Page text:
Monbiot does belatedly recognise that there is value to conserving the vestiges of our wildlife-rich agricultural landscapes, though he would rather we call them cultural reserves, not nature reserves. I think he has a point, we do need to recognise that the nature we are trying to conserve is all semi-natural and we should celebrate that fact. Because the semi-natural is the creation of humanity interacting with the rest of nature – recognising this will do far more to bring people back to valuing nature, for whatever reason: creating new “self-willed land reserves” on some Welsh mountain will just further emphasise the self/other divide between people and nature, that predominates in our post modern neoliberal world. However, what is clear now is that nature cannot survive for any length of time in small isolated islands of semi-natural habitat, in a sea of intensively managed lowland landscape.

But Monbiot seems to be looking at conservation through the wrong end of the telescope, criticising mindsets that predominated 30 years ago. He decries Landscape Scale Conservation, as more of the same ( but bigger) while the re-assessment of priorities that the BAP created seems to have passed him by. This is perhaps not surprising, given his starting point is work by Clive Hambler which was written over 20 years ago. Things have moved on.

And yet there is so much nostalgia operating within conservation – nostalgia is something the British excel in, especially the English. We have to remember where we came from, without seeking to ape it. Processes that created landscapes that we now value for their wildlife – whether it be traditional agriculture, woodland management, or small scale industrial activity (including in hte 20th century) have mostly long ceased. We cannot create any new brownfield habitat because of sensible laws about preventing toxic industiral waste products from entering the environment. Where will the species that depend on brownfields go in the future? If ever there was an example of self-willed land, brownfields rich in wildlife are it. Yet now we have to prevent succession in order to keep these sites suitable for the vanishingly rare open habitat species they support. Should we just forget about them?

Ultimately nature will continue long after humanity has become extinct or evolved into something else. It is typical human hubris to think otherwise. It is us that depend on the rest of nature, not the other way round. We need to value and celebrate our relationship with nature, bring nature into our lives, without feeling the need to make homes for all nature. We need to re-engage with nature, not distance ourselves from it. Re-wilding adventures are  humans interacting with nature in another way. I like them and I think there should more of them – but not instead of conserving nature where it is now and findings ways  to create places where it can flourish in the future.

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About Miles King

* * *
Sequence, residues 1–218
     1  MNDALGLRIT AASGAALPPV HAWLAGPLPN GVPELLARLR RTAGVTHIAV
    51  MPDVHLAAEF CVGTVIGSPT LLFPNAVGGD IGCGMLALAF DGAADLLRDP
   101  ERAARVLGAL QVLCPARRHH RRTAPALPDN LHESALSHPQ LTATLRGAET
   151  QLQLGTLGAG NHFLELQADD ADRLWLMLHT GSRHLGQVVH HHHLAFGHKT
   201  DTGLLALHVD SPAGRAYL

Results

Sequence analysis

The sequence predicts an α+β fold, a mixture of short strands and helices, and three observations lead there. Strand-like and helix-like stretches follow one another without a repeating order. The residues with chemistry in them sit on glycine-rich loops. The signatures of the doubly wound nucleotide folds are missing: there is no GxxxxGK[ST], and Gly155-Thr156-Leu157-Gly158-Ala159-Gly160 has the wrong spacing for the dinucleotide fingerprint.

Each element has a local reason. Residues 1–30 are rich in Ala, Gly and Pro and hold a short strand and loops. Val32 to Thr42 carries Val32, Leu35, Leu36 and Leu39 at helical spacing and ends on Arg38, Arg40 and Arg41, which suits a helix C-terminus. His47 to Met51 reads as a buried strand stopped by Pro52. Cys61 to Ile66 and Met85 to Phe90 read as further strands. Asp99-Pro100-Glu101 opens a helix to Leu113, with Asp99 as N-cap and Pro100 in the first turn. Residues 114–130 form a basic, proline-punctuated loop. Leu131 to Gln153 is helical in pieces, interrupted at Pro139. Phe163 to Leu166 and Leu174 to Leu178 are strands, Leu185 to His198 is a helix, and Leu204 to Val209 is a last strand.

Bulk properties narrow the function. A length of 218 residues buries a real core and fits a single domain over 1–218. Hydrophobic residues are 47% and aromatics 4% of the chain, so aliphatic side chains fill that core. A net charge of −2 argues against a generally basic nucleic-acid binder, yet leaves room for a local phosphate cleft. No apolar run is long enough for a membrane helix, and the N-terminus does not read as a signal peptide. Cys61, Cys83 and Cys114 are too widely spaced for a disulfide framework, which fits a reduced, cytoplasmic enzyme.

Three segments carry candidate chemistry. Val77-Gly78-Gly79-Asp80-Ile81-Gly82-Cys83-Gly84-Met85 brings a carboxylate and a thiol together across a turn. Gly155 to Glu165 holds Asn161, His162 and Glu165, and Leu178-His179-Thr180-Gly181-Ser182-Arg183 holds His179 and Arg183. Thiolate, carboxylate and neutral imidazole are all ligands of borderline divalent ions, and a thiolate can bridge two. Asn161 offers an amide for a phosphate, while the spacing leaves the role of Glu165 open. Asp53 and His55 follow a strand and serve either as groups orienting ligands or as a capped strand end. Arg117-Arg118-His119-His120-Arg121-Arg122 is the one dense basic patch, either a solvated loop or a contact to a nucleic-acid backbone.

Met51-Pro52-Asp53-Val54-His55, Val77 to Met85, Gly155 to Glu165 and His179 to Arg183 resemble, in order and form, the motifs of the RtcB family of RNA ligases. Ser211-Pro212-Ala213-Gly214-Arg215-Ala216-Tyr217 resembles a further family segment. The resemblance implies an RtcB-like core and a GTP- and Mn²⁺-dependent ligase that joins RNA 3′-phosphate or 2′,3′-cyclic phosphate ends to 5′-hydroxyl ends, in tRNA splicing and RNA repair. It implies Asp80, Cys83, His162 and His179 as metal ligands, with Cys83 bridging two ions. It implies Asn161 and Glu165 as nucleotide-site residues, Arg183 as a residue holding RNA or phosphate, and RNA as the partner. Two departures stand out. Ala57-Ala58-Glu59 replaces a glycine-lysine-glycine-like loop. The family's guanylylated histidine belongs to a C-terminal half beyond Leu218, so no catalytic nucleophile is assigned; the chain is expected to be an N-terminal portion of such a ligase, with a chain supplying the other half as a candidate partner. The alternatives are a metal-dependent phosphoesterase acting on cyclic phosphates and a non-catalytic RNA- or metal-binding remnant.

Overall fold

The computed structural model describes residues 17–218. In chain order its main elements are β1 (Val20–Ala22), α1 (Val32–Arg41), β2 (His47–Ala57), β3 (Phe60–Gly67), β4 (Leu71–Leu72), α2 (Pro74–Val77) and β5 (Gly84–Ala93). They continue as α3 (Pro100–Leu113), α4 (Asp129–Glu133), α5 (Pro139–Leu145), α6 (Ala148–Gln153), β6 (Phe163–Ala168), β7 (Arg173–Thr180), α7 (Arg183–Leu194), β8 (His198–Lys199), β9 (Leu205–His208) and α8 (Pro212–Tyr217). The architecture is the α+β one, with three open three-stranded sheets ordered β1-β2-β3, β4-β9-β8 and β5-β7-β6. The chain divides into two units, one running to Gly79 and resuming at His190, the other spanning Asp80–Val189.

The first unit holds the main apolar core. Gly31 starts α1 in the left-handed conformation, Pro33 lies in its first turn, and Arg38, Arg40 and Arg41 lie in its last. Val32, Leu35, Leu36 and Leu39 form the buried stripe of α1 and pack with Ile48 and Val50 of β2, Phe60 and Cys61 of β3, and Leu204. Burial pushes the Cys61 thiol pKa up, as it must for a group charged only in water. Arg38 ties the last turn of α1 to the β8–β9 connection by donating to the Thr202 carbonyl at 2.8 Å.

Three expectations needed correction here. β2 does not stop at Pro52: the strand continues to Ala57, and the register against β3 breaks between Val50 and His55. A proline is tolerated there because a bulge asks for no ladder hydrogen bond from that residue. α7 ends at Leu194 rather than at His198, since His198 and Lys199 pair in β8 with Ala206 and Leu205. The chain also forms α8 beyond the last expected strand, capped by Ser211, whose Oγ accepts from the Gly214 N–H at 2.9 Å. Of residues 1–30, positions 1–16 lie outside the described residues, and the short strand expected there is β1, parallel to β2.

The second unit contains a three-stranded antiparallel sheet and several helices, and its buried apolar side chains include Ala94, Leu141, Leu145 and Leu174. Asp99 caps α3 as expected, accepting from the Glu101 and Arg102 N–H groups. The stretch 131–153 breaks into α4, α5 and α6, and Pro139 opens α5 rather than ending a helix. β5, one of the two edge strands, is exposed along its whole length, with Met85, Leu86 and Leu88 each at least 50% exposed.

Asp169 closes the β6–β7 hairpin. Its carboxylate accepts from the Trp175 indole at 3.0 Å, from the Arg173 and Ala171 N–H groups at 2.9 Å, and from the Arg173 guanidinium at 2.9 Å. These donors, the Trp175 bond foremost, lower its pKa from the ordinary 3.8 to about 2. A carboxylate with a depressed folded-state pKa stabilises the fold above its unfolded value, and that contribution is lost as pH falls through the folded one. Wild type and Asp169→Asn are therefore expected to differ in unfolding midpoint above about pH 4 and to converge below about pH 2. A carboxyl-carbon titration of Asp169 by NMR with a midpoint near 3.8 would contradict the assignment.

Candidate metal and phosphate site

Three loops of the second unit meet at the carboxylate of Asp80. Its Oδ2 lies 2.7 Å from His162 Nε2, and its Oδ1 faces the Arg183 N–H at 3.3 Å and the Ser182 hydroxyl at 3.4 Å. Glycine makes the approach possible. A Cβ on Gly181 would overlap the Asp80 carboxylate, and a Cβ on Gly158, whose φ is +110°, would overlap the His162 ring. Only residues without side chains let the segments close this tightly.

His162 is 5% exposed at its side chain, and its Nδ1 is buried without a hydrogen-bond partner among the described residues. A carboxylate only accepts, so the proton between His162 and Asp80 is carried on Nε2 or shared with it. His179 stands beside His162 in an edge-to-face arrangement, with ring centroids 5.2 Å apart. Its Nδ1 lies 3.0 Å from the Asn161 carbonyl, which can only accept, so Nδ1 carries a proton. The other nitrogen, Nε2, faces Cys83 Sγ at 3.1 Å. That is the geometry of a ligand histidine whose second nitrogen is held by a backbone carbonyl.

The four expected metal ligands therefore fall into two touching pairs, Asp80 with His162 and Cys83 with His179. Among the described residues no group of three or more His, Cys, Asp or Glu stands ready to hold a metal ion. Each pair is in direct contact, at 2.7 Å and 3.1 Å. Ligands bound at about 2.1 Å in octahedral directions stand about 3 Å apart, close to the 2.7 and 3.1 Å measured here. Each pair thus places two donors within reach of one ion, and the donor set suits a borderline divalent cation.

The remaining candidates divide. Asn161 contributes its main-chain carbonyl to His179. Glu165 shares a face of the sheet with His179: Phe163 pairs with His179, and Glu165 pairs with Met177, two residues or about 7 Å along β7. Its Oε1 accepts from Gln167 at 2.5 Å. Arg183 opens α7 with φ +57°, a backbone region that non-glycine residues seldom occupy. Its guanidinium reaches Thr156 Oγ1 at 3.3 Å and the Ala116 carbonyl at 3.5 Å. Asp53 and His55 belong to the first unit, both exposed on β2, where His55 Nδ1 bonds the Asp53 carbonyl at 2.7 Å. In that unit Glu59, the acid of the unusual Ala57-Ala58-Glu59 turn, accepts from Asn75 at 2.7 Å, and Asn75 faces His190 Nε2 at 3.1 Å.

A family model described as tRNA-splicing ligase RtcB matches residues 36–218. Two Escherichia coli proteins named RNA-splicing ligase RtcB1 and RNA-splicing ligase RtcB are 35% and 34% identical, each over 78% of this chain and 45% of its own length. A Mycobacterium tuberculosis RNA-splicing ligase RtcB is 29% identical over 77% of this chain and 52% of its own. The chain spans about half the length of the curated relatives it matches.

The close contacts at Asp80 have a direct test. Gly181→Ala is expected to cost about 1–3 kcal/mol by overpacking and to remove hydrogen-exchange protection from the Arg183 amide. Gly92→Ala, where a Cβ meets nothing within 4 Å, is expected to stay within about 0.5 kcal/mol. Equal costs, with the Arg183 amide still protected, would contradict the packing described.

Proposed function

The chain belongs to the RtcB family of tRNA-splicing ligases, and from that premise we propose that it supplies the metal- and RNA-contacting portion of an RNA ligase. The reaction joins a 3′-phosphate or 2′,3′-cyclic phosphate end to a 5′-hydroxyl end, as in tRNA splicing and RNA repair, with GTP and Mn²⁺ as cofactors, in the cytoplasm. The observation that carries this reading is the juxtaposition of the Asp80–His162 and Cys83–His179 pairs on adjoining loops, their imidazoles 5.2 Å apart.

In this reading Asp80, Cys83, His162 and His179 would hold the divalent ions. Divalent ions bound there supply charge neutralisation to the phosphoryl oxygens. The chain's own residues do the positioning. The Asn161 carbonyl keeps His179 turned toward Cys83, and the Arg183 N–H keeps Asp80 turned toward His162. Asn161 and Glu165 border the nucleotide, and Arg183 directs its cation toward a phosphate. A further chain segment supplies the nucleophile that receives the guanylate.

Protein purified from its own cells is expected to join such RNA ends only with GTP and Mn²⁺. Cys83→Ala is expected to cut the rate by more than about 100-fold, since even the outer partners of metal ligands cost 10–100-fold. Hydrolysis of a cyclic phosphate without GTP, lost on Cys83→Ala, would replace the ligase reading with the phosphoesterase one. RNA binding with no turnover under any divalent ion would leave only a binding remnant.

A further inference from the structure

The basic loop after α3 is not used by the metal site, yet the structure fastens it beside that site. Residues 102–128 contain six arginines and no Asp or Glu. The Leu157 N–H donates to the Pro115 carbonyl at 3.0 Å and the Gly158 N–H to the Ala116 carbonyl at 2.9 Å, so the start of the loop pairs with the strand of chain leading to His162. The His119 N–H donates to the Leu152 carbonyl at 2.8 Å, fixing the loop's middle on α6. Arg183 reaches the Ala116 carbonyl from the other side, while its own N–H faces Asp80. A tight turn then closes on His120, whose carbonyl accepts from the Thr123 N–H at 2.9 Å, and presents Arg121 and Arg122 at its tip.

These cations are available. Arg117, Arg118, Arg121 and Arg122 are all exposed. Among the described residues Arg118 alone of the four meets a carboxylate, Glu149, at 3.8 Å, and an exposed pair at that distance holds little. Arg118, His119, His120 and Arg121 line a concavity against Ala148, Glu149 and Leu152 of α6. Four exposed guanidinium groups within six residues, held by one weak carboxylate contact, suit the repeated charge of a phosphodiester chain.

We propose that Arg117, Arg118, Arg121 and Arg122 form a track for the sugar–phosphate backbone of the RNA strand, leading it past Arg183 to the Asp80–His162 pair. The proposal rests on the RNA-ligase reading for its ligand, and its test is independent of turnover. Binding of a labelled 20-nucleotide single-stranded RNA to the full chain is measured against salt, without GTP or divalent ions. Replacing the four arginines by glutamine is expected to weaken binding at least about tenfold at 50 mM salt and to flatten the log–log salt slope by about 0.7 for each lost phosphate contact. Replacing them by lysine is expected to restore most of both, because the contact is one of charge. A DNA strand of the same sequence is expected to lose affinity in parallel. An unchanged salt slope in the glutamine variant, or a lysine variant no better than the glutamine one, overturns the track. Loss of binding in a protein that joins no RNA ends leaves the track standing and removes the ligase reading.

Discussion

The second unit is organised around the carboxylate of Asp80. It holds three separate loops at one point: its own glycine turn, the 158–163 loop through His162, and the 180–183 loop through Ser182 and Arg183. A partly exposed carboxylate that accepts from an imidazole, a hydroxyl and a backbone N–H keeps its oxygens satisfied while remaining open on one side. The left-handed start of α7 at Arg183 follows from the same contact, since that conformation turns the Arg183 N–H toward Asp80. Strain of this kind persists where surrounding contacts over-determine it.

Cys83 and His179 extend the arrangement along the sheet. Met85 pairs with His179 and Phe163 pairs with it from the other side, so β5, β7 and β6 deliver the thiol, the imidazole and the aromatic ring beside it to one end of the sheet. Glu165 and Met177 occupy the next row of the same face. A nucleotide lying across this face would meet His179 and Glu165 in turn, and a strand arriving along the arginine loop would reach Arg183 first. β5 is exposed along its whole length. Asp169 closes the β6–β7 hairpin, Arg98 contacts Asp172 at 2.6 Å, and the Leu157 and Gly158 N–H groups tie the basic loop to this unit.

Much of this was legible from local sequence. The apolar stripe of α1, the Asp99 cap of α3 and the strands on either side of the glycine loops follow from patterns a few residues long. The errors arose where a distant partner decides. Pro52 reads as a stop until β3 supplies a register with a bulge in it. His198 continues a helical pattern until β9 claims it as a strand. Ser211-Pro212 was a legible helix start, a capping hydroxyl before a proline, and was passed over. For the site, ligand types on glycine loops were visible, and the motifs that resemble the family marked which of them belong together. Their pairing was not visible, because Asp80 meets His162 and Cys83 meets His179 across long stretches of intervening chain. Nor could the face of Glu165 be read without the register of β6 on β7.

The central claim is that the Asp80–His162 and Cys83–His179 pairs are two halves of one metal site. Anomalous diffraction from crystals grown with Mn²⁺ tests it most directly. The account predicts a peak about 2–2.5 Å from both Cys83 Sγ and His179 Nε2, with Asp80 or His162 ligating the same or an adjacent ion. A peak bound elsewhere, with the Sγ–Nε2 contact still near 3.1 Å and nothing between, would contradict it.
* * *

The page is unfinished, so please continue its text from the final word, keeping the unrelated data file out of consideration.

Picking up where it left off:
UK conservation professional, writing about nature, politics, life. All views are my own and I don't write on behalf of anybody else.
This entry was posted in agriculture, animism, anti conservation rhetoric, anti-environmental rhetoric, biodiversity, carbon storage, climate change, Common Agricultural Policy, Cultural Cringe, Downland, ecosystem services, environmental policy, farming, forest elephant, George Monbiot, invasive species, management, Mesolithic, neoliberalism, rewilding, self-willed land, soils, straight tusked elephant and tagged , , , , , , , , . Bookmark the permalink.

14 Responses to Feral by George Monbiot – a review

  1. Mark Fisher says:

    Ah, Miles. I’ve just written a book chapter on the ecological values of European wilderness where I have applied Trophic Cascades to European ecosystems! (I’ll send you the draft)

    As you know, the heffalump story wasn’t in the original draft of George’s book. Even so, it has been interesting to think about such a structuring force in European forests, but I don’t see any compelling evidence that we have a duty to re-instate it. George would have been more sensible to have considered what agents of structuring that still exist in Europe – brown bear, lynx and wolf among the carnivores. Mapping of the permanent and occasional occupation of large carnivores across Europe shows a high likelihood of the spatial co-existence of all three carnivores, the main overlapping populations shown to be in European (western) Russia, Finland, Sweden, the Baltic states, the Balkan states, and the Carpathian and Dinaric countries.

    Another indicator of this co-existence is given by the co-designation of Natura 2000 sites in EU member states with these carnivores. These show that 154 out of a total of over 1,200 have wolf, bear and lynx, covering an area of about 37,000km2 (EEA 2013). The Carpathian Mountain countries of Romania and Slovakia have by far the majority – 121 sites and 67% of the total area – but triply designated sites are also found in Poland, Slovenia, Bulgaria and the Czech Republic. While Italy has by far the most Natura 2000 sites designated for carnivores (about 400) three quarters of those are for wolf alone, with a few doubly designated for wolf, bear and lynx, and the rest being single designations for bear and lynx. Estonia, Sweden and Finland have exemptions for designating Natura 2000 sites for carnivores, but there is a strong likelihood of co-location in those countries as well. In fact, there’s hardly a country in continental Europe that hasn’t got a presence of at least a wolf, including the recent dispersals into Denmark and the Netherlands. If we weren’t cut off by the English Channel, we would likely have seen a voluntary return of wolf within 20-30 years, and we would have to protect them under the EU Habitats Directive!

    I’m going to make a joke here – as someone who has a passion for wild land, it is a relief, now that George’s book is out, to no longer be a lone wolf!

    • milesking10 says: